One litmus test: Would you want your family to find out about it?
Government officials keep flying too close to the sun.
Health and Human Services Secretary Tom Price drew scrutiny this week after Politico reported he’d chartered five flights for work trips last week at an estimated $60,000 cost — in contrast to his Obama-administration predecessors, who’d flown commercial. And Treasury Secretary Steve Mnuchin courted his own controversy last month with his use of a government plane on a trip to Kentucky, where he toured Fort Knox and glimpsed the solar eclipse. (The Treasury’s watchdog is reviewing the incident, though Mnuchin later insisted he wasn’t very interested in the eclipse.) Mayor de Blasio in July, meanwhile, came under fire for a trip to Germany’s G20 summit that used city funds for his security detail.
“Many companies create employment agreements that allow executives a certain number of hours on the company’s private jet/helicopter fleet as part of their total compensation packages,” HR consultant Laurie Ruettimann told Moneyish. “It makes sense that Price and Mnuchin, who come from this world, would have certain expectations.” But the government is “not a corporation,” she adds, and public officials tend to be held to different standards.
Though public and private-sector workers face admittedly different standards when it comes to perks, it’s worth asking: When is taking advantage of company resources appropriate, and when does it cross a line?
Executive coach Linda Sharkey knows of several instances in which people were fired, reprimanded or made to reimburse their company for abuses or unapproved liberties — including using a corporate jet to transport family members to a vacation home, charging hotel-room expenses incurred from an affair, and using a work computer to watch pornography.
Where’s the line between milking company perks and abusing them? https://t.co/5VqAdSqTnf
— Moneyish (@Moneyish) September 21, 2017
And employers do take notice, Sharkey warned: “There’s a lot more transparency that goes on in the workplace” due to technological advances, she told Moneyish. “People know when abuse happens — and companies are monitoring that.” Sharkey’s general litmus test for an abuse of resources: “Do you want to see this in the newspaper? And if you don’t want to see it in the newspaper, don’t do it.” Similarly, “would you want your family to find out about this? And what would they think of you?”
But the line is blurry and can depend on the organization, said career strategist Cynthia Shapiro. Some companies are hawkeyed with finances and “make you submit for every little thing you want to get reimbursed for,” she said, while others tend to be more lax. There’s also scale: the difference between taking a paper pad and pen home versus lugging home an entire ream to sell on eBay, for example, or internet surfing at work for a half hour versus cyberloafing all day to the detriment of a project. In general, companies should lay out rules in an employee manual or morality policy, Shapiro said.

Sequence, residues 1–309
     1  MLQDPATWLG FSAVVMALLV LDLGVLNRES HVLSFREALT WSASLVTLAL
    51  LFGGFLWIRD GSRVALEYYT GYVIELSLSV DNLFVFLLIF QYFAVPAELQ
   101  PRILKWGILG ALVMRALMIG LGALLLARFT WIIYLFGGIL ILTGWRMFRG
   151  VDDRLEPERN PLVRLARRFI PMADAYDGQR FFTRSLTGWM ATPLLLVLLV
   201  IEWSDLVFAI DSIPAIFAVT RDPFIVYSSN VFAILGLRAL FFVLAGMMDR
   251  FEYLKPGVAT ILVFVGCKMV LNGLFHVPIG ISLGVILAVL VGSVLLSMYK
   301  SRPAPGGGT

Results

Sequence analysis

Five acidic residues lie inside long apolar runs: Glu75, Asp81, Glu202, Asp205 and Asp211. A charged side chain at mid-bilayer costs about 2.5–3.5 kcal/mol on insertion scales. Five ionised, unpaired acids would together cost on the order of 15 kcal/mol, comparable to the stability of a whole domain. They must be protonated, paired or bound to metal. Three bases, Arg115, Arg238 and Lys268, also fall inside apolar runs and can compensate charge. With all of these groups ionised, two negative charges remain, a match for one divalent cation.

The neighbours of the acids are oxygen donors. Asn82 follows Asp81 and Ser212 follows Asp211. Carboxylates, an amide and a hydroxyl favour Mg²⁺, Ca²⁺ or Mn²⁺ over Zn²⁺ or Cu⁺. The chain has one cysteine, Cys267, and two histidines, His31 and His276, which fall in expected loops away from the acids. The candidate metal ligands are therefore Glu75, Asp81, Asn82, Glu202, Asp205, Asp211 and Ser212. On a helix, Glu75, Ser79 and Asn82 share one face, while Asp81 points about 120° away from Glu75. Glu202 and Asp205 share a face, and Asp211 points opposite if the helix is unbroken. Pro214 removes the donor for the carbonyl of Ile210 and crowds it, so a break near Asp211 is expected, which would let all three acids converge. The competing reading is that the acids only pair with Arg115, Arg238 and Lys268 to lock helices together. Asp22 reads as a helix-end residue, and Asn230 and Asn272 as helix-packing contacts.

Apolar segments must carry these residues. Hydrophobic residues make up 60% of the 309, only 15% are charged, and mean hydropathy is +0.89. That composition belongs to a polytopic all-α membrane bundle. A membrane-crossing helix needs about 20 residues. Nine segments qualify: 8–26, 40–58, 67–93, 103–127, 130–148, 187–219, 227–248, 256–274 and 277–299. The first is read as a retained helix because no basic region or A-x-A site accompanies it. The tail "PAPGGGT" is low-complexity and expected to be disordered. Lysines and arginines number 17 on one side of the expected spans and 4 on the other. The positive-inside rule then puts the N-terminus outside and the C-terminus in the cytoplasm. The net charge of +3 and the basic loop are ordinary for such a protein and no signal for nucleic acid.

Then there’s the psychological factor: Studies show that unhappy workers are more likely to steal from their employers, Shapiro said. On the flipside, employees who are highly valued by the boss and company are more likely to “get away with more” or escape with a mere wrist slap — while less-liked workers could land under greater scrutiny. “They won’t necessarily tell you where the line is, because they want you to cross it,” she said. “And then they’ll get rid of you.”
Leigh Stringer, a workplace strategy expert at the architecture and engineering firm EYP, models a litmus test after her company having transitioned to an employee stock ownership plan earlier this year. “My rule of thumb is: If we all owned stock in the company, would I spend another person’s money on this?” she told Moneyish. “It’s not just taking something from some … random, amorphous firm; it’s taking something potentially away from somebody I work with.” Stealing gets easier to mentally justify if the victim is several degrees removed, she said.
For Paul Osterman, a professor of human resources and management at MIT Sloan, the threshold is intuitive. “All I can say is that the line is fuzzy in that many people might take home paper clips from the office,” he said. “But if it’s abusive, we know it when we see it.”
Ultimately, Sharkey said, companies need to create an environment in which all employees — starting with the man or woman at the very top — operate within a framework of ethical behavior.
“If you’ve got a ruthless culture, people do things because they can rationalize and they can justify,” she said. “If you’ve got a great culture that values people, values ethics (and) treats people with respect and fairness, they’ll in turn operate with respect towards the company. And you’ll find they’ll go the extra yard for you.”
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